§ Mr. Gerald Howarth
asked the Secretary of State for Transport whether he will publish the British Airports 460W Authority's response to the Monopolies and Mergers Commission's report on the Authority's commercial activities, Cmnd. 9644.
§ Mr. Moore
The MMC's report on its investigation of the commercial activities of the British Airports Authority was published on 10 December 1985. I have now received the authority's response to the commission's report and I have arranged for copies to be placed in the Library.
The commission was asked to report whether in carrying out its commercial activities the authority could improve its efficiency or reduce its costs or improve the service provided. The commission was particularly asked to examine four issues: the scope for increasing competition at the point of sale, the procedure for awarding concession contracts, the control of the standard of service provided by concessionaires, and the administration of leases.
The commission concluded that the authority has operated its commercial activities in a generally satisfactory manner. The Commission also concluded, with one member dissenting, that in relation to its commercial activities the authority was not pursuing a course of conduct which operates against the public interest. But the commission made a number of recommendations which would, in its judgment, improve the authority's efficiency, reduce its costs or improve the service it provides.
I endorse the commission's general conclusions, and I accept its view that the authority should make every effort to increase competition wherever possible. Like the commission, however, I recognise the opportunities for doing so, particularly at the point of sale, are limited because of operational requirements and space constraints.
The Authority's response shows that it has accepted 23 of the Commission's 34 recommendations wholly or in part, and that it has already implemented 20 of these. I welcome the Authority's response, but I am writing to the Chairman to ask him to keep under review those matters which the Commission identified specifically as worthy of continuing consideration and possible future action.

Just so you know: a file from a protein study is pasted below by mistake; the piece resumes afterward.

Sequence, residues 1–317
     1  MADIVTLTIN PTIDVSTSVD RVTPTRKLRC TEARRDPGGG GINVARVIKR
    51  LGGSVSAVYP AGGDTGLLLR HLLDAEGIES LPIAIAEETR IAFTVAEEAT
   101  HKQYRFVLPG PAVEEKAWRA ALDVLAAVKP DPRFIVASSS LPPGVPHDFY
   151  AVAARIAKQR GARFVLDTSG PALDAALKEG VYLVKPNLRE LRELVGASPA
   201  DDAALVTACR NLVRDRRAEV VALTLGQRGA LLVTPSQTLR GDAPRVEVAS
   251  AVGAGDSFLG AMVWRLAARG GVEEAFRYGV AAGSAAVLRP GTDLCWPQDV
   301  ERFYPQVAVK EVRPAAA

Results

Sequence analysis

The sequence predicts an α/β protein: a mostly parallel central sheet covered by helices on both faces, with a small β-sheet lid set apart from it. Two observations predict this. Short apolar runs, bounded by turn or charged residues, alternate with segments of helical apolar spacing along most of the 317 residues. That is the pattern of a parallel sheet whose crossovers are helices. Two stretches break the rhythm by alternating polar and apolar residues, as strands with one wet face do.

The Commission thought it necessary to consider its findings in the light of the proposed privatisation of the authority. I welcome its conclusion that there was no reason to believe the general sense of the recommendations in its report would be found inapplicable to the new organisation envisaged. However, when drafting the legislation that became the Airports Act 1986, the Government took into account the commission's view that the search by the new enterprise for higher profits for its shareholders might generate additional pressures which could lead to a possible abuse of a monopoly.
The Airports Act 1986 will establish a system of economic regulation for airports. The CAA will, after a reference to the MMC, be empowered to impose conditions on airport operators' permissions to levy airport charges which will, inter alia, prevent such operators adopting trade practices or pricing policies in their core airport activities which unfairly discriminate between users, concessionaires or prospective concessionaires, or which unfairly exploit the operators' monopoly position in respect of, for example, the handling of passengers, baggage or cargo. In addition, at airports designated by the Secretary of State (which will include Heathrow, Gatwick and Stansted), the MMC will conduct 461W a full review of the airport business every five years and will report on any practice they find operating against the public interest.
In reviewing any matter which relates to the granting of concessions, the MMC will be required, amongst other things, to have regard to the furtherance of the reasonable interests of concessionaires. The CAA will be obliged to impose conditions remedying or preventing the adverse effects of any practices which are against the public interest. Operators of designated airports will also be obliged by the CAA to publish accounts which show separately the results of their commercial and traffic operations: the CAA may also require operators of non-designated airports to publish such information. Together, these measures are designed to ensure that any possible abuse of a monopoly position is prevented.
Given the extent to which the authority has already implemented the recommendations of the Commission, the impending privatisation of the authority, and the framework of economic regulation which will apply to the authority's airport companies, I do not consider a further statement reporting progress is necessary.